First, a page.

Q: Aren’t Black Americans really the victims of crime, not the cause?

A: Many Blacks are indeed victims of crime. And there are many White and Oriental criminals. Nevertheless, the criminals are disproportionately Black. U. S. Department of Justice statistics report that Blacks are 60 times more likely to attack Whites than Whites are to attack Blacks. For the 20% of violent crimes that are interracial, 15% involve Black offenders and White victims; 2% involve White offenders and Black victims.

[Page 45]


Is the Relationship Between Race and Reproduction Valid? (Chapter 3)


Q: Doesn’t the evidence on race and penis size come from 19th Century stories by racist Europeans in colonial Africa?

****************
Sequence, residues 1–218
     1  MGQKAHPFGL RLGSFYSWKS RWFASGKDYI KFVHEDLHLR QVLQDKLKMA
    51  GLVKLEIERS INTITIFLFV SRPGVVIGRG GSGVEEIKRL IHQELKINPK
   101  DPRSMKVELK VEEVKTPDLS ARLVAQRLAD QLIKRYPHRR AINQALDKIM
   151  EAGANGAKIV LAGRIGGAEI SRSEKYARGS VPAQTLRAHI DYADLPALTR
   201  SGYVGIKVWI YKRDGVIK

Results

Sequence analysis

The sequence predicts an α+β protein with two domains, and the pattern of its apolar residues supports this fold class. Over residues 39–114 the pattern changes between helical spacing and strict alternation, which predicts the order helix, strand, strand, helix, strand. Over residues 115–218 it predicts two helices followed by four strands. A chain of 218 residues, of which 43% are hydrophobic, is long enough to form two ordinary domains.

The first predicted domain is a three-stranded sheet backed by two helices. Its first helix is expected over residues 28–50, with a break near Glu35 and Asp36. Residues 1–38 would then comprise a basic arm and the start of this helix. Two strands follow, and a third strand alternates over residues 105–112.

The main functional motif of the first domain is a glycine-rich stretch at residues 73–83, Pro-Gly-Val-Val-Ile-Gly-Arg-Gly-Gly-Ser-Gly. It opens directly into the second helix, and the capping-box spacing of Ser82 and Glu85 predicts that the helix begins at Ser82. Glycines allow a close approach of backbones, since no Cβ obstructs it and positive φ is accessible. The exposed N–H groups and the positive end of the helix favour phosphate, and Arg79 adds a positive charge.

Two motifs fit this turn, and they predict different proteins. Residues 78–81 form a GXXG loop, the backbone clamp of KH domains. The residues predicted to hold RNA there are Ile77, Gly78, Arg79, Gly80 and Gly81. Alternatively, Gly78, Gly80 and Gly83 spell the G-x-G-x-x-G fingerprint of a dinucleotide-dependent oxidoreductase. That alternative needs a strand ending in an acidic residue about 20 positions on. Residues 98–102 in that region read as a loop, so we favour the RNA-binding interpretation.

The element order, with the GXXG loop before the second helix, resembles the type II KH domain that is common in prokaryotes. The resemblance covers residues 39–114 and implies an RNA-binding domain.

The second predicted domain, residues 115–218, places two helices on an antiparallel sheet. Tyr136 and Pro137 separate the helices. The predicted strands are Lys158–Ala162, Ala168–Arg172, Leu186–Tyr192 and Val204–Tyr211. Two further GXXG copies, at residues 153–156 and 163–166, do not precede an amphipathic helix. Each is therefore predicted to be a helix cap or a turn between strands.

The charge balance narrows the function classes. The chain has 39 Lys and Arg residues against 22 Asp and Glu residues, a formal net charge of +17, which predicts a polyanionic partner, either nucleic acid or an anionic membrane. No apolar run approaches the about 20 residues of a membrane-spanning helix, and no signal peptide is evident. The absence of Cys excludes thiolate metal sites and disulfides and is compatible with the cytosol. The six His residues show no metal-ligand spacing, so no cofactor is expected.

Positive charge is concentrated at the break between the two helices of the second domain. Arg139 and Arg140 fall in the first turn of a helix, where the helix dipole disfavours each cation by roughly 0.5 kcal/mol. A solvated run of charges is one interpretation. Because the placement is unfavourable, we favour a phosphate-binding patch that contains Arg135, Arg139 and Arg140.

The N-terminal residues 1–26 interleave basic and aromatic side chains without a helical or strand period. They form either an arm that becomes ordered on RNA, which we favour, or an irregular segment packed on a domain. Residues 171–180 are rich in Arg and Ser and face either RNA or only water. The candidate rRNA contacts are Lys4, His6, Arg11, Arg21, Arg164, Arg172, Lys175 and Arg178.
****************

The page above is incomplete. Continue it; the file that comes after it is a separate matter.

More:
A: The earliest findings come from the Arabic explorers in Africa and one study by a French army surgeon originally published in 1898. More up-to-date information comes from the World Health Organization. Their studies show the same three-way race pattern as do all the other studies.


Q: Isn’t the material on race and sex a kind of pornography? Isn’t race controversial enough without bringing sex and AIDS into the picture?

A: One World Health Organization study I mentioned in the previous answer examined penis size in order to provide the right size condoms to slow the spread of AIDS. Finding out which groups are most at risk for sexually transmitted diseases can help slow their spread and save lives.



Is the Genetic Evidence Flawed? (Chapter 5)


Q: How can you talk about a genetic basis for intelligence, criminality, or sexuality? No one has ever found a gene responsible for any of these. Brain size and structure may be genetic, but we still do not know exactly which genes are important for IQ or how they work.